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Speaker of the House

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The power of the word.

What is it about the spoken word that can evoke such tremendous feeling? The way it is said? The one who says it? The implications it holds for the speaker and his listeners?

What are spoken words? Nothing really, at least not in the material sense. If speech is creative, it is only in the sense that it impacts its listener. Physically, speech has no substance—all it is is a pattern of sound waves. Yet there is no mistaking the power of the word. The simple word has the power to move you, to inspire you, to utterly transform your perspective on reality.

“Let there be light.” “Let the waters gather and land emerge.” “Let the earth sprout forth vegetation.”

The Torah describes the creation of the world as a series of divine statements. If we wish to understand the nature of the created reality, the Torah is telling us, we must examine the phenomenon we call speech.

As speech, G-d’s creating words did not actually create anything of substance. All they did was change a perception, change the manner in which a preexisting reality, the Preexisting Reality, would be perceived. When G-d said “Let there be light” nothing really happened—other than the impact this had on us, the listeners, to whom it made a world of difference.

The Listener

Say something. Any word or phrase. Say it again. And again. As you repeat your words they spin into meaningless noises. They have lost their impact. Spoken words that have no listener have no impact and, by definition, no existence. But say them again, this time to someone who hasn’t heard them yet, and they will regain their meaning and impact.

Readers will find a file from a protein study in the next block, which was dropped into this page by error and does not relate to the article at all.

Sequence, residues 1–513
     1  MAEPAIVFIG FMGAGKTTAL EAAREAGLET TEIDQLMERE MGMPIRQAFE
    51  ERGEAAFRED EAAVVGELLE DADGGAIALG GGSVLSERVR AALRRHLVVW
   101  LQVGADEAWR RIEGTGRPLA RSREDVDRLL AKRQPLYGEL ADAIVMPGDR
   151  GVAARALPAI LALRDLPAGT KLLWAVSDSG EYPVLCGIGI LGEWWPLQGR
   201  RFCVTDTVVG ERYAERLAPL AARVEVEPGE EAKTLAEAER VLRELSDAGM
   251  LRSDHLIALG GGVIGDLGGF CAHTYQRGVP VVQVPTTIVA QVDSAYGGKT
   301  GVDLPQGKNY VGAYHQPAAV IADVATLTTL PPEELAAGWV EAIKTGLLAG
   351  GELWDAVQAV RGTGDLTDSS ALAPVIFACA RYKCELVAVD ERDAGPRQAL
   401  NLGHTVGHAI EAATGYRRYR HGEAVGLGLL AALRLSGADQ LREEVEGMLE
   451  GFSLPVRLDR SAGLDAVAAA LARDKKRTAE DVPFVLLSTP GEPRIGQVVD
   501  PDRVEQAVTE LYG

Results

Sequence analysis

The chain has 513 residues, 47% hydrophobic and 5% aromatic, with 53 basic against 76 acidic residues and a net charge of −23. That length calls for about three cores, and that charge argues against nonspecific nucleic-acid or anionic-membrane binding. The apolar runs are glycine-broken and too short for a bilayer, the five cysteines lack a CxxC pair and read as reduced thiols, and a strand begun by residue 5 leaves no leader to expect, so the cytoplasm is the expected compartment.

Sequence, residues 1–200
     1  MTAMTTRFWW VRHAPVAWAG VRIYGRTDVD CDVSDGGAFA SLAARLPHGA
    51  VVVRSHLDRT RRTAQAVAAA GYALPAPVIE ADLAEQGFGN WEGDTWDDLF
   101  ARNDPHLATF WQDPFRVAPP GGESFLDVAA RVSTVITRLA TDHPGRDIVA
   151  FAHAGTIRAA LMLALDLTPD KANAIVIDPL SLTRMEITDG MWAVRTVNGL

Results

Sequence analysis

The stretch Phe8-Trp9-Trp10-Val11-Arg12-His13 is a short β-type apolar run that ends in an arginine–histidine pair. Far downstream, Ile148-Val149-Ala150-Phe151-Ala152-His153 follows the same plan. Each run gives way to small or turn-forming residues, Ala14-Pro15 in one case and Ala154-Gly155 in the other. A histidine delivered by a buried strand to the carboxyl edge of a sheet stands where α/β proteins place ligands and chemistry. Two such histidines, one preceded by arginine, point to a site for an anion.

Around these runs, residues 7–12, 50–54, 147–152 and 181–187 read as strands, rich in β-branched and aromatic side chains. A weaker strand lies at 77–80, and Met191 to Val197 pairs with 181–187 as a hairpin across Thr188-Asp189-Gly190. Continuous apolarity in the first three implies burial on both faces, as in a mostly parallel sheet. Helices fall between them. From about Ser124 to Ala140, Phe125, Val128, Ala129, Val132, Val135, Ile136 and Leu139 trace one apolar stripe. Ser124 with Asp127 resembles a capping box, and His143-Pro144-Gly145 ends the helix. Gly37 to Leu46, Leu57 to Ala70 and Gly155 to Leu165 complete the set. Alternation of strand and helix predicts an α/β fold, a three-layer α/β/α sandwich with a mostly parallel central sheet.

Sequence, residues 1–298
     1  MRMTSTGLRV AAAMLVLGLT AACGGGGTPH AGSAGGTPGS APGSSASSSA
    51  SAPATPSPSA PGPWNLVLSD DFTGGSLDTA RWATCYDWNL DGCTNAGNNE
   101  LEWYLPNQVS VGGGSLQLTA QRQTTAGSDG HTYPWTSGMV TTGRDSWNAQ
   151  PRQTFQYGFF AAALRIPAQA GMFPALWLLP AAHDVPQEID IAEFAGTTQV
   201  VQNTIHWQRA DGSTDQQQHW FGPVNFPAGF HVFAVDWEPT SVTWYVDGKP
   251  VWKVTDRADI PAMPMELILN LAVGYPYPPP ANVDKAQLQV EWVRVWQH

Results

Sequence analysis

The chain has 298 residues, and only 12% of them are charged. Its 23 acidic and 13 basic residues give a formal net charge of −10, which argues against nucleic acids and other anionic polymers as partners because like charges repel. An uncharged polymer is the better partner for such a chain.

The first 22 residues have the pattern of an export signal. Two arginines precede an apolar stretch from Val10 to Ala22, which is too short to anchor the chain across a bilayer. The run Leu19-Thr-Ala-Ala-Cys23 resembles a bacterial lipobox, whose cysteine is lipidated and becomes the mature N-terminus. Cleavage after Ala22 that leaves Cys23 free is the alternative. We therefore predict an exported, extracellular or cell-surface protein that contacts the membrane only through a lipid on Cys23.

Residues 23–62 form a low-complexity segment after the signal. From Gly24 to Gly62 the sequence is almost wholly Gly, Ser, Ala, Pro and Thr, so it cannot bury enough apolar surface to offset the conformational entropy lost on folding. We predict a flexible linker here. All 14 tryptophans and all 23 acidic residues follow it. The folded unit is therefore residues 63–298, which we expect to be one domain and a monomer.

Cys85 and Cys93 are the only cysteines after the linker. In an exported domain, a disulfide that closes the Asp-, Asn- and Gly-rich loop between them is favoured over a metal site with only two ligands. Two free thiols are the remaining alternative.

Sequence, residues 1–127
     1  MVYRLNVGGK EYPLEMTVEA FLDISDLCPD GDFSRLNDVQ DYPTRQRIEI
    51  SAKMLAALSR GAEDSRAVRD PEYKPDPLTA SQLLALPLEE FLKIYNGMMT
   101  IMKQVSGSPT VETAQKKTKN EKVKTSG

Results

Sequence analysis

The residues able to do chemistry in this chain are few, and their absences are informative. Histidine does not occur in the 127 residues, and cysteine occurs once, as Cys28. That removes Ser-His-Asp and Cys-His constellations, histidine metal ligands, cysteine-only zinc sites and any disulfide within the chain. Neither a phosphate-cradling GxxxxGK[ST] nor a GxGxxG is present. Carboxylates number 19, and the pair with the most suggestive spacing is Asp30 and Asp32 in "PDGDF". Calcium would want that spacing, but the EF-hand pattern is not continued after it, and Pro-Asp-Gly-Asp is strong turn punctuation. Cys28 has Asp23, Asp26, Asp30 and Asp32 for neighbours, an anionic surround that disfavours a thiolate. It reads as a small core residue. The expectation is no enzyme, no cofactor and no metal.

If G-d speaks a world, then, by definition, someone is listening. Someone outside of Himself—“outside” in the sense that he perceives his own existence as something distinct of His, failing to comprehend that he is but the embodiment of the divine desire that he be. Someone who might consider G-d to be an idea, something to think about, or a force to be reckoned with. Or who might question His existence altogether.

Someone who hears G-d’s speech of a world. Man.

The Language

You hear someone speak. He is saying something very powerful. Something with the ability to enlighten you, to provoke you, to open new vistas before you. You realize as much from the tone and timbre of his words. But you are unmoved. He is speaking Chinese.

For the word to impact the listener, the listener must know the language.

To appreciate the significance of the divine speech we call universe, we must first acquire the language in which it was spoken. “G-d looked into the Torah and created the world.”[6] You can spend a fruitful lifetime just listening to the tone and timbre of the galaxies and quarks He articulated. But if you sense a significance to the grandeur of the stars, if you sense the whisperings of nature to be a communication, look to the Torah, the dictionary of creation. G-d gave us the Torah in order to teach us the language of creation, to enable us to comprehend His communication to us—and to communicate, in turn, with Him.

The Conversation

A conversation may sometimes serve no purpose other than to convey the information contained in its words. Directions to the bank, the price of the dress in the window. But this is speech at its shallowest. Meaningful speech is the endeavor to communicate, to reveal oneself to another.

G-d spoke to us so that we may understand Him. Not just the world He said, but Him, its speaker. By mastering the language of Torah, we not only gain insight into the significance of the created existence—we also enter into a heart-to-heart conversation with its author and orator.

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